Dietribes

Faux Food


Mmmmmm…. cellulose gum, salt, corn starch, and xanthan gum. Would you believe that these are the top 4 ingredients (aside from water) in the Creamy Whipped Peanut Spread from Walden Farms? Just where are the peanuts, you ask? Well, “natural roasted peanut flavouring” and “peanut extract” are #6 and #7 on the ingredient list, respectively. So what’s the angle here? Why on earth would someone *want* to eat faux peanut butter?

Walden Farms claims you can save “10,000 calories per month the Walden Way”, which translates ( hypothetically) to a 3 pound weight loss – all you have to do is substitute their no-calorie food items instead of the originals, like pasta sauce, salad dressing and mayonnaise. Aside from the fact that I don’t even want to know what no-calorie alfredo sauce (!) tastes like, do no-calorie foods really qualify as “food” and will they help, or potentially hinder, weight loss efforts?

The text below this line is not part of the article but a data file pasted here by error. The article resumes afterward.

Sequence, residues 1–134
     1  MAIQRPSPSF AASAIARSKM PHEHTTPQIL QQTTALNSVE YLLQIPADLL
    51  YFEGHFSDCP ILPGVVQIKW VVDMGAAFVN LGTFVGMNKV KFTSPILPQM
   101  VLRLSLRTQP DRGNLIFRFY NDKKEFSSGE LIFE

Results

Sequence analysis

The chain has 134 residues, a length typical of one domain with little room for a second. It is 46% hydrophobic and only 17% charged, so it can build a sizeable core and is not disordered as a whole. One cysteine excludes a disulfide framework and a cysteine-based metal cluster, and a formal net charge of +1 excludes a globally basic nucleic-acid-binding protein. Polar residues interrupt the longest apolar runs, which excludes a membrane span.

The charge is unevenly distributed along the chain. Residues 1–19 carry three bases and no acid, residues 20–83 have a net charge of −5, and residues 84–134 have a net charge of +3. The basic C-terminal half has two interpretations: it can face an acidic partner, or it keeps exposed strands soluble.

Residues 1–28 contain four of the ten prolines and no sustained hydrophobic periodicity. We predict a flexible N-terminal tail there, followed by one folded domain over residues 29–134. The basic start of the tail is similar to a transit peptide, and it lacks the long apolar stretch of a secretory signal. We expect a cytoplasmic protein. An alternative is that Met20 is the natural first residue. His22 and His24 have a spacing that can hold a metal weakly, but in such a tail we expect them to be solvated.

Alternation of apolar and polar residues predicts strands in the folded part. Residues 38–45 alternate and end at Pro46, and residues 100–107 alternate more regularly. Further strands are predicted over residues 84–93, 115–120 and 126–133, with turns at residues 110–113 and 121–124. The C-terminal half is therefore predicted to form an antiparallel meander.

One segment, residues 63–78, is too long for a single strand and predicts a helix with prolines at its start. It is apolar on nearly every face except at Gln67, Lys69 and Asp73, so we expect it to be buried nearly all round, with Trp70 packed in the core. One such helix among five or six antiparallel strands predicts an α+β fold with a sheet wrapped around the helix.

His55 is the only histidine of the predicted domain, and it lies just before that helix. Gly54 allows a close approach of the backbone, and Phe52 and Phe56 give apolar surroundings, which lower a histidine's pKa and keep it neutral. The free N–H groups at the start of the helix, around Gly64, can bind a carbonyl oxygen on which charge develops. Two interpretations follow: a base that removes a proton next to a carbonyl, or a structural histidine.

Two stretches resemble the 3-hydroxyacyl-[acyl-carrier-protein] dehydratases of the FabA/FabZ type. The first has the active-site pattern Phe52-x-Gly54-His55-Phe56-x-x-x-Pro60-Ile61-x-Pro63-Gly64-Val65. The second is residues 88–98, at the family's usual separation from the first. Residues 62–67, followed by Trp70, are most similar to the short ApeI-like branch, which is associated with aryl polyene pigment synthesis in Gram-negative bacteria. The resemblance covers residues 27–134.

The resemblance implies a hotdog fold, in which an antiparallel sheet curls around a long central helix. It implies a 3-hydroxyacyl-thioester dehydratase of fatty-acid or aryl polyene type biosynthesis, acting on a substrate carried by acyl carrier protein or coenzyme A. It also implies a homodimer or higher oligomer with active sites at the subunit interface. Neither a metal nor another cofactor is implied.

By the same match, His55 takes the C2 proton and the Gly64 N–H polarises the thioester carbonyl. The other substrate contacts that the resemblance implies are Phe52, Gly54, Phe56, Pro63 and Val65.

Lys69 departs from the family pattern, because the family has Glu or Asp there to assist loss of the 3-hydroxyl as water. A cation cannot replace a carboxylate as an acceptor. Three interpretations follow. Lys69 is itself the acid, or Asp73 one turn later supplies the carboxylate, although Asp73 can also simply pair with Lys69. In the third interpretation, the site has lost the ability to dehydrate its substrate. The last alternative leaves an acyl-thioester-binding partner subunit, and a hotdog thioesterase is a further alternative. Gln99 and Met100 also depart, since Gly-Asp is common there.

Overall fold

In terms of actual nutrition, what are Walden Farms “food” items providing? Aside from sodium, absolutely nothing. What you do get are emulsifiers, stabilizers, thickeners and “flavours”. Truth be told, the ingredient list reads more like a chemistry lab manual than a food label.

While the majority of no-calorie options provided by Walden Farms, such as BBQ sauce, jam and marshmallow spread, are not exactly beacons of health food in their full-calorie-at-the-grocery-stores form, there is a growing body of research suggesting that fat-free and artificially sweetened foods may be doing more harm than good when it comes to battling the bulge. As No Baloney discussed in Low-Calorie = Weight Gain?, these low-calorie foods may actually interfere with your body’s ability to metabolize fats and sugars naturally found in real food and negatively affect satiety responses.

No Baloney’s Advice? To borrow (and adapt) a quote from Michael Pollan’s In Defense of Food: “Eat food (real stuff containing actual nutrients aside from just sodium). Not too much. Mostly plants.”

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One thought on “Faux Food

  1. Pingback: Exposing “Healthy” Foods | No Baloney

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